A Ministry of Kairos International

Making an Oral Bible

Part of the good news of Bible translation...

Making an Oral Bible
An Oral Bible that is going to be made into a language where there is presently no translation of the Bible, will use the written text of the trade language where the people live to make the oral translation into a local tribal language. If an Oral Bible were going to be made in one of the TRIBAL languages of the country of Guinea in West Africa, such as the Kisi tribe for example, then the TRADE language of French will be used to produce the written text of stories to make the Oral Bible in Kisi. So the first step in this case would be to electronically adapt the written stories from English to French so they can be recorded orally into Kisi.
The next step will be to recruit a team of 5-6 native speakers (a minimum of three) who can read the trade language. Each person in the group (Kisi) will be given a story in (French) which they will begin to learn. This team of 5-6 native speakers then sits together and discusses the various terminologies in their story which they will be telling in their mother tongue (Kisi) later that day. The goal of their discussion is to find the best way to say this word or that word in the Kisi language so the translation into their mother tongue will be accurate drawing from the written trade language, which in this case is French. They collaborate as a group discussing a word’s meaning in the context of the passage, until they come to an agreement as to the best way to express that particular word or phrase in their mother tongue. Now each member further studies their story using the group’s consensus of the correct terminology. Each one then tells their assigned story in their mother tongue (Kisi), and as it is being recorded, another team member listens while following the written text (French) to check for accuracy. This provides a second check of the translation. The whole process is repeated and depending on the size of the team, each member will end up telling 10-12 stories, and the recording is completed in about a week.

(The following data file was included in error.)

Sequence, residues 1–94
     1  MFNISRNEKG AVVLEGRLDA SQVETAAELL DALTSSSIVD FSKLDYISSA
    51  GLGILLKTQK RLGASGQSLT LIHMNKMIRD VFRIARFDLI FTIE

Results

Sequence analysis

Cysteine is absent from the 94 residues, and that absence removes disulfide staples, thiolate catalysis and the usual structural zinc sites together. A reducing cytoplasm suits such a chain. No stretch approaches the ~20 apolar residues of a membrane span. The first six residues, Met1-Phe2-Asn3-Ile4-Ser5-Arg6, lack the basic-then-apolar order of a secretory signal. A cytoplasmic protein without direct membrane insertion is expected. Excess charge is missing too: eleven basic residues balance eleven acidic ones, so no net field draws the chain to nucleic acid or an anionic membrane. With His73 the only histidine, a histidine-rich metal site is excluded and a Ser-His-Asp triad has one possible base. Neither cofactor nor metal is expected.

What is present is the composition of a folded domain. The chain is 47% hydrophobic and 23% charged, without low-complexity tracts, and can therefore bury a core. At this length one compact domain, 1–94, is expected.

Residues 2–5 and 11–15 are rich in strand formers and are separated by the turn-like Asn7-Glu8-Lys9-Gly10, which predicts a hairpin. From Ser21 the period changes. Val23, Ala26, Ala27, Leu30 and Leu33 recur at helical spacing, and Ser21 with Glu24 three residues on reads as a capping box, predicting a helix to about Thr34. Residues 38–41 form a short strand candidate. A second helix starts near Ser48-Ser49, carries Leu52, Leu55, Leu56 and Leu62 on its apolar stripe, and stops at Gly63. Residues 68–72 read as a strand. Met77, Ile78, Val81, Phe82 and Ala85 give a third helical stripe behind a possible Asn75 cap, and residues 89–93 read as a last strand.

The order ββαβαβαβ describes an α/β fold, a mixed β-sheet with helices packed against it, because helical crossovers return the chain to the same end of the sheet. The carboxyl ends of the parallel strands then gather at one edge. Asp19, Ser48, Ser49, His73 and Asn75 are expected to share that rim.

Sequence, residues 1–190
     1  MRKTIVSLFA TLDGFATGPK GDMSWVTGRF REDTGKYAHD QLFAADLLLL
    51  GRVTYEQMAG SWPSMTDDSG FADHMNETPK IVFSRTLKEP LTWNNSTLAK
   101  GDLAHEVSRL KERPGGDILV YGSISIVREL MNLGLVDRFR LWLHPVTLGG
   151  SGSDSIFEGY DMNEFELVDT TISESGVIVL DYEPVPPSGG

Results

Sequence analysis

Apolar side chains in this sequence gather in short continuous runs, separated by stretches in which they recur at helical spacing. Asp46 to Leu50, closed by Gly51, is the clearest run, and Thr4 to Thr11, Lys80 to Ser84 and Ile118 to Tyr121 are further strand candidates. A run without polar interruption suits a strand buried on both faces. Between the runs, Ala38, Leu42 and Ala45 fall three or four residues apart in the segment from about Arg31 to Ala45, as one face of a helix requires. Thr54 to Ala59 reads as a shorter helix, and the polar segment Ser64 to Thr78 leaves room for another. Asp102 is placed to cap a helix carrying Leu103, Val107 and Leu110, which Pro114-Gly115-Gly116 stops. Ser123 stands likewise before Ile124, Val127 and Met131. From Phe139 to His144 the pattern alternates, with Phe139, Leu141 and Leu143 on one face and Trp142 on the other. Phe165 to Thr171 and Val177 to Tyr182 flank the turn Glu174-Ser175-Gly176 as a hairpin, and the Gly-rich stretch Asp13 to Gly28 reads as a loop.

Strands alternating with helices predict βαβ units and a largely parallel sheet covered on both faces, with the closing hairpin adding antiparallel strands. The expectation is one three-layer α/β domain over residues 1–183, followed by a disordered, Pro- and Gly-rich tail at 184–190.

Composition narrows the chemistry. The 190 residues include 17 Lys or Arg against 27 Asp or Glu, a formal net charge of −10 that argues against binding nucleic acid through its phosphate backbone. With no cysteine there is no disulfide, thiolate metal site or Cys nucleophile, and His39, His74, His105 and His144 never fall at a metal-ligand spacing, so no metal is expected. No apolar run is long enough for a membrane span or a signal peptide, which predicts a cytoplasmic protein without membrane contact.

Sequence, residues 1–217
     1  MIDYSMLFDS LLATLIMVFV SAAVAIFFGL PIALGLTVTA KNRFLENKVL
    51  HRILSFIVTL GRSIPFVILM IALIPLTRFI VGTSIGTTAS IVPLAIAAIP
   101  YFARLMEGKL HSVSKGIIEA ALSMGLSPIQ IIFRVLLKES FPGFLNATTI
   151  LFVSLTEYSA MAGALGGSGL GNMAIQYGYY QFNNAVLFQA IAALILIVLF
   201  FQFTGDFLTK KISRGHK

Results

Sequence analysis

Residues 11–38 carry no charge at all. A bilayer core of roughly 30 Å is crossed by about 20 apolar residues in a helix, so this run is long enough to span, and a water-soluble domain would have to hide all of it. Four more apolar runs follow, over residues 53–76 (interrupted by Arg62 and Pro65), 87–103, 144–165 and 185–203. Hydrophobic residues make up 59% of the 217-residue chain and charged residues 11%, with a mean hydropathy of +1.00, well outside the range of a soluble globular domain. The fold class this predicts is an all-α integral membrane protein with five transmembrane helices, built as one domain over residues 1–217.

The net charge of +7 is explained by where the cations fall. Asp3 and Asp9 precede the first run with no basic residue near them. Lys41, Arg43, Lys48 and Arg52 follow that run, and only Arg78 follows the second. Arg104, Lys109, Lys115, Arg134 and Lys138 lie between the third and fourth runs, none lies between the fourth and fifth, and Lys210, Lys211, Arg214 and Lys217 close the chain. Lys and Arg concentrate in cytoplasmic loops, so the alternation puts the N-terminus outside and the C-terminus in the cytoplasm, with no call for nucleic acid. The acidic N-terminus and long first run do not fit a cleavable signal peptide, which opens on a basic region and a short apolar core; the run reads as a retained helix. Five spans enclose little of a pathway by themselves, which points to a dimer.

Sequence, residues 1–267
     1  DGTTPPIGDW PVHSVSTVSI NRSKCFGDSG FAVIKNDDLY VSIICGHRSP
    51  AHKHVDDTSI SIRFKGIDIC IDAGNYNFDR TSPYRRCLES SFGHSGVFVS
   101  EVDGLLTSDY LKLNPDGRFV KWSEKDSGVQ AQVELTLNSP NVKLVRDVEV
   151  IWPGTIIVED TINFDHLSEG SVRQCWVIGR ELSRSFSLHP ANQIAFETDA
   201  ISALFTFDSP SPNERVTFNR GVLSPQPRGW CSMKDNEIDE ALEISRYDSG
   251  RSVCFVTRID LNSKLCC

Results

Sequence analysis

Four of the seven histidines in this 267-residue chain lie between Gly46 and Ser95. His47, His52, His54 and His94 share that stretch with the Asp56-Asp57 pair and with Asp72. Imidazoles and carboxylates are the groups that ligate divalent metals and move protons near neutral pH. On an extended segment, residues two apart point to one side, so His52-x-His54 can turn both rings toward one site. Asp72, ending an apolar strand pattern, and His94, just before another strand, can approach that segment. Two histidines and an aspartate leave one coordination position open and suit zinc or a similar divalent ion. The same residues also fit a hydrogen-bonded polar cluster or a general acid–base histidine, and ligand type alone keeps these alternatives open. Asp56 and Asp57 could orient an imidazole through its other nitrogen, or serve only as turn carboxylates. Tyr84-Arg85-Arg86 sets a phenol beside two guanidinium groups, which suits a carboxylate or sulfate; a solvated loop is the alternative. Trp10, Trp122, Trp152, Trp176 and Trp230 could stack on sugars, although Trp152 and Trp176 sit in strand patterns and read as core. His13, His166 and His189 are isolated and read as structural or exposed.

The Kisi Oral Bible will then go through a final check as it is edited. With a native speaker listening to the recordings while following the written text, the editor makes any changes necessary, making sure the oral story, in this case Kisi, agrees with the written word of the trade language, which in this case would have been French. The editor and the native speaker together then arrange the stories in chronological order.
The stories are recorded onto a computer which has been equipped with a program called Audacity which is a free download from the internet. After the stories are edited using the Audacity software, they can be downloaded onto a CD, or onto a solar powered player called Audibible which is the least expensive yet highest quality solar powered player on the market (www.davarpartners.com). Your Oral Bible is now ready for distribution.